Dan’s initial reaction to the destruction of the house was relief that everyone was safe, including the dogs. When the couple realized they would have to rebuild completely, Dan knew Shari and Tim would have the opportunity to incorporate changes that they couldn’t do during the first go-round. “Aesthetically, the new property now has symmetry,” he says. “The layout is similar, but we were able to open up the flow and create a roomier feeling by raising the ceiling height.”
Tim wanted to make the house feel as close to the original as possible. “We really loved the old house, and we knew we had to find ways of putting things back in that mattered,” he says, “because we truly mourned losing the character of the house.”
One major change is the interior color. When they moved in, the interior was already freshly painted Sherwin-Williams’ ‘Unbelievable Buff,’ a color Tim describes as a “real estate agent’s color.”
“We wanted something warm and serene this time,” says Shari. The walls throughout the entire house are now ‘Intellectual Gray’ with ‘Alabaster’ trim and ‘Black Fox’ doors. All paint colors are from Sherwin-Williams.
To open the flow of the house, they added a large opening to replace a small door and wall that separated the kitchen and dining room. Since the tree damaged most of the furnishings in the dining room, save one chair, when it crushed the room, Shari and Tim decided to go for an entirely new look. Tim chose an Amish-made table with hammered copper top from Marty Rae’s.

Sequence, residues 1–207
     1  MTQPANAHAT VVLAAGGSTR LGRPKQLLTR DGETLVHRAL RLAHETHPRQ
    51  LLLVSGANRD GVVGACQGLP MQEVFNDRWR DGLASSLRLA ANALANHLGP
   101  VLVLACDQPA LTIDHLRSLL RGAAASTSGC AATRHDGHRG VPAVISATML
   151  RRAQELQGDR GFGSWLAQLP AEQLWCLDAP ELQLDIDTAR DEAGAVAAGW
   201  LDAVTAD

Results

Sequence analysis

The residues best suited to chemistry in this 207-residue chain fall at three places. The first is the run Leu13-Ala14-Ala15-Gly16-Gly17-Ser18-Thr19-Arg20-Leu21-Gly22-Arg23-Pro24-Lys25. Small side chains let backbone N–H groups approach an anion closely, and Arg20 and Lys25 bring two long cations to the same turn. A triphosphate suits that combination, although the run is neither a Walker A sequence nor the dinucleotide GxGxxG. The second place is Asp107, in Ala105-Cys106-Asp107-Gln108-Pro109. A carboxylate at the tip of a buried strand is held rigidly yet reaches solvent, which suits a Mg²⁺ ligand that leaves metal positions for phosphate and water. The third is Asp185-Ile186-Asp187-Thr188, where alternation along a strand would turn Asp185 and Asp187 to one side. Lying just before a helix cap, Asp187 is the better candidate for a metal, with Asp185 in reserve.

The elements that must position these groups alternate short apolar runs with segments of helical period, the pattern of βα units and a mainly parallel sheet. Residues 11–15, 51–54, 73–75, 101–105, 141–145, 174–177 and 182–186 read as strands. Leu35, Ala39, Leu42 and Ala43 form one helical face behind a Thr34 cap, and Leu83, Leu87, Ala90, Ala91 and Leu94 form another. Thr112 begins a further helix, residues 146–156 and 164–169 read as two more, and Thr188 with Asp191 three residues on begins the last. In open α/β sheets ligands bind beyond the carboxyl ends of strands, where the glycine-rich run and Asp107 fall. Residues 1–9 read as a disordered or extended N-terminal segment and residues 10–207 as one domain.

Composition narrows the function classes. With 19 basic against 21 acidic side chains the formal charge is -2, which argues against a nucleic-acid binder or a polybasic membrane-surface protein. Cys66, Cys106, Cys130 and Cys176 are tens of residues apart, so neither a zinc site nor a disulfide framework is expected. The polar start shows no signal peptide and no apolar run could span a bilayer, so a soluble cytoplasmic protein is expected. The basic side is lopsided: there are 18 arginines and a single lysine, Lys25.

“We wanted something sturdy that we wouldn’t have to worry about scratching,” she says. Paige round-back dining chairs with green linen on black frames are from World Market and provide a nice contrast to the copper.
Fortunately, they were able to save most furnishings in the living room, including a black leather sofa and two slipper chairs that Dan had recovered in gray and white houndstooth. “Our neighbor is a huge Alabama fan,” says Tim, “so we told her we had them covered to suit her.” They were also able to save the wrought iron and travertine coffee table that now holds a prized collection of paperweights given to Shari by the late famed jazz pianist Marian McPartland. For many years, Shari produced Marian’s program for National Public Radio.
One of the most significant changes for the living room is the fireplace surround. Originally, the house had two fireplaces, but they eliminated the one in the study. With the new color scheme, they wanted a fresh look and found a local company, Fire Cast Stone, which makes surrounds of concrete and fiberglass. “The Riviera mantle is classic and clean,” says Tim, “and it seems to offer a period feel.”